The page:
Ironman changes global competition rules, partners with the UCI to combat motor doping
From press release.
Ironman announced today that they have partnered with the UCI and strengthened their global competition rules to combat mechanical fraud known as “motor doping” which has made headlines in the cycling world recently. Motor doping has become a growing phenomenon, especially after top Belgian cyclist Femke Van den Driessche was caught with a motor in her bike at the U23 cyclocross world championships earlier this year.
Ironman says that as a leader in the industry, they have decided to partner with the UCI (Union Cycliste Internationale) “to leverage the latest technology to combat the concealment of motors or other artificial accelerating devices by athletes looking to gain an unfair advantage.”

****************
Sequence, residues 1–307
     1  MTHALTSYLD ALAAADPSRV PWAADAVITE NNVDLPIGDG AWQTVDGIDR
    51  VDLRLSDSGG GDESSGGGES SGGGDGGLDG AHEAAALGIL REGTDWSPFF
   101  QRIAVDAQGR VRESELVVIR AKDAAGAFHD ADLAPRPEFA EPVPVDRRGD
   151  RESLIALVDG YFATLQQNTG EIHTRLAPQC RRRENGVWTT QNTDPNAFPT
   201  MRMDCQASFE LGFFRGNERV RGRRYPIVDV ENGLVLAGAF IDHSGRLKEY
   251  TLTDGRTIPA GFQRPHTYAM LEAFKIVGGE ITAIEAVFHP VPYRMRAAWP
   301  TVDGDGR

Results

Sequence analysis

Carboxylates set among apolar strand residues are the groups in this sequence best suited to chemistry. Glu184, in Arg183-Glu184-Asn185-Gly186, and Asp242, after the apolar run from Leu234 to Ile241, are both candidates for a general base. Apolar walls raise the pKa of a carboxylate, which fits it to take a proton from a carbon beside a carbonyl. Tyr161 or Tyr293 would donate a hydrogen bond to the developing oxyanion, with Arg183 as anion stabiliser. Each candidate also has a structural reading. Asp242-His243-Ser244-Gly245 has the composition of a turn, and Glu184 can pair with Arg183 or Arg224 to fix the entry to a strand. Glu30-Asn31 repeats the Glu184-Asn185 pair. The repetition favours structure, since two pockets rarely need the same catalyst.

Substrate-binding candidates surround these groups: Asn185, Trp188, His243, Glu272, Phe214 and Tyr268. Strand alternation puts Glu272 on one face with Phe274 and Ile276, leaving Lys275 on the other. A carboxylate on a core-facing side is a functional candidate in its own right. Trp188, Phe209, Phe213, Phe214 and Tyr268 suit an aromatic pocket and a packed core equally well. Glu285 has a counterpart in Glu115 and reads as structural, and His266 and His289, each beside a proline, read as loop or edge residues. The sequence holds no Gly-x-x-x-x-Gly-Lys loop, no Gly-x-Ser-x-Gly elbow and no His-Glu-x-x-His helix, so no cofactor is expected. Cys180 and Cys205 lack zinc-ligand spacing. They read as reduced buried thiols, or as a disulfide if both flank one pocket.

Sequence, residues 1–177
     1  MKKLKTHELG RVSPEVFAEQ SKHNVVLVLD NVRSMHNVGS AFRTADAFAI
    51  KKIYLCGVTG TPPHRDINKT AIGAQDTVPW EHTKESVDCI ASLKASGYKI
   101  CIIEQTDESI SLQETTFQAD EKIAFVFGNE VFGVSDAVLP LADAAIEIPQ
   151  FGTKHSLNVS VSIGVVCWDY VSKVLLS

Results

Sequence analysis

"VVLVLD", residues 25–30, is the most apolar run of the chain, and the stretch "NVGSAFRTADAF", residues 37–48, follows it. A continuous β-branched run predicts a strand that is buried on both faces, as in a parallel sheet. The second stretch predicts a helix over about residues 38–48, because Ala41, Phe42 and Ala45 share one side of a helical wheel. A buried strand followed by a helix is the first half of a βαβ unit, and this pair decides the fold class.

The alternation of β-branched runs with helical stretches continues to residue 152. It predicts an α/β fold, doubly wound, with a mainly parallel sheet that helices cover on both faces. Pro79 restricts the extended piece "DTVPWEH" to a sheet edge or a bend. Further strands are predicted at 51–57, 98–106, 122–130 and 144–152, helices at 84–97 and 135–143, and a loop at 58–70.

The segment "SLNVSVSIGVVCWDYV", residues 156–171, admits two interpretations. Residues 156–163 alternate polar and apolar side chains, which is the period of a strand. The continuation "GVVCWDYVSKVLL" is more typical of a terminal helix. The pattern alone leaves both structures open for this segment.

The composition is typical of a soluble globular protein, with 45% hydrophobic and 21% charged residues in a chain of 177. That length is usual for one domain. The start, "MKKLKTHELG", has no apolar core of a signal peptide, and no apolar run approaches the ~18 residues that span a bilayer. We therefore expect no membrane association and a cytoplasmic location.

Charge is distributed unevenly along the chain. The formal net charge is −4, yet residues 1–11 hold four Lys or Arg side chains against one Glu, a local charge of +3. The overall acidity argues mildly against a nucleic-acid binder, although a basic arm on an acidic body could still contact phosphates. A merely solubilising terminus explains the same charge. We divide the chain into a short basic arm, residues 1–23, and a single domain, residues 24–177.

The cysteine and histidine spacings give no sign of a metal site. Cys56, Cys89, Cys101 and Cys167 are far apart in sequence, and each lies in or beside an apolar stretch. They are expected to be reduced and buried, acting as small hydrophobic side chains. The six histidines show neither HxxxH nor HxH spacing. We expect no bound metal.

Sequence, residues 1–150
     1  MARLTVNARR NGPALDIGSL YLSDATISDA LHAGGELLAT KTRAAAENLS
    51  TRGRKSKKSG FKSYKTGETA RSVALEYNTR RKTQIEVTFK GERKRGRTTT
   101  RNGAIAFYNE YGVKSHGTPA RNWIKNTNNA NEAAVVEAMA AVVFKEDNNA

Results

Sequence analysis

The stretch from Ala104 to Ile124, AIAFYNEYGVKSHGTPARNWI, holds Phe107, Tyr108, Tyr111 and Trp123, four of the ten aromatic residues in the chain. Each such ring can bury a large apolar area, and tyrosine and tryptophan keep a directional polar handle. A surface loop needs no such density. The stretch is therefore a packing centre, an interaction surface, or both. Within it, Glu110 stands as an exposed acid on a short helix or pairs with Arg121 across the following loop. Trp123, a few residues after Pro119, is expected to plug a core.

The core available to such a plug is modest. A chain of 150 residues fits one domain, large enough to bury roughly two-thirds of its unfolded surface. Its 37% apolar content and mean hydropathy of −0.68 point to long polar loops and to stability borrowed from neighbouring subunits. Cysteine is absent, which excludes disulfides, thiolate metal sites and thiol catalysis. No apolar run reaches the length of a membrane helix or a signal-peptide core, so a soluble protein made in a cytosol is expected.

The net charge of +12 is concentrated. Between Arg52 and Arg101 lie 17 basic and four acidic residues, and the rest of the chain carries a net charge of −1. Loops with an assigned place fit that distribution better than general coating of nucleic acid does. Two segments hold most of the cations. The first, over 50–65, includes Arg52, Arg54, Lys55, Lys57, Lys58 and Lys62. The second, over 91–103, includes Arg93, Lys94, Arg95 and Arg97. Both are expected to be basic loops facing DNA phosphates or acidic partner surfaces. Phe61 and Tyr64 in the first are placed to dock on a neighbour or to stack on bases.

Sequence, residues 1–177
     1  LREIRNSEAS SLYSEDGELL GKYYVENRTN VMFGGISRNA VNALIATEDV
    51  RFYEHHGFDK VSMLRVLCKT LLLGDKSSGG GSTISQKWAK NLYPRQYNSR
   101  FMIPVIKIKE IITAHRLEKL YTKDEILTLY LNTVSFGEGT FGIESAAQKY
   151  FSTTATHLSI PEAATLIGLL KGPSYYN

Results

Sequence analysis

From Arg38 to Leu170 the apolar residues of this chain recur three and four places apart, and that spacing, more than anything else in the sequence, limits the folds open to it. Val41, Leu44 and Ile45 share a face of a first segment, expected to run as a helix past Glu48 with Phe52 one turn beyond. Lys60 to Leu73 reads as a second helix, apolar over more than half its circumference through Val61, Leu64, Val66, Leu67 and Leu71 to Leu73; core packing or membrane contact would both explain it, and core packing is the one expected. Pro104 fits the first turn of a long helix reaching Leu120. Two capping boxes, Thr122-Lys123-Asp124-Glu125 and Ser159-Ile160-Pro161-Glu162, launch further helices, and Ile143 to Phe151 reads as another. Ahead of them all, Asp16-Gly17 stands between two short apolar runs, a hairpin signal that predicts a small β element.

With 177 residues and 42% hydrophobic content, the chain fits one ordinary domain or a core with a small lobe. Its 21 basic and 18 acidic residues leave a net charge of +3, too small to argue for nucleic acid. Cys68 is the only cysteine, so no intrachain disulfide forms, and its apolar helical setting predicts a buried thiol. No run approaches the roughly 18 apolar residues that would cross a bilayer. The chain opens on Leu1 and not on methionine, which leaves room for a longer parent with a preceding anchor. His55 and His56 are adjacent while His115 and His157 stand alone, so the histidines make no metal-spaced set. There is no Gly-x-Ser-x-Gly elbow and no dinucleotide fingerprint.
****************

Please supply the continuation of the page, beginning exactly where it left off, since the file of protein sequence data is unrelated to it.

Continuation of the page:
“Technological fraud is contrary to the spirit of Ironman and of fair play,” said Andrew Messick, Chief Executive Officer of Ironman. “Athletes who choose to gain advantage by such means undermine the trust and norms of our community, the tenet of fair competition, and the accomplishment of completing the entire race under one’s own power.”
In their press release, they also announced that they will begin actively inspecting bicycles at their events around the world, including all championship races. Inspections will mostly take place after the bike leg of the race, after the athlete has left for the run.
“The UCI is committed to eradicating technological fraud and will collaborate with IRONMAN on best practices to help keep the sport of triathlon fair,” added Mark Barfield UCI Technical Manager.
Find the complete Ironman global competition rules here.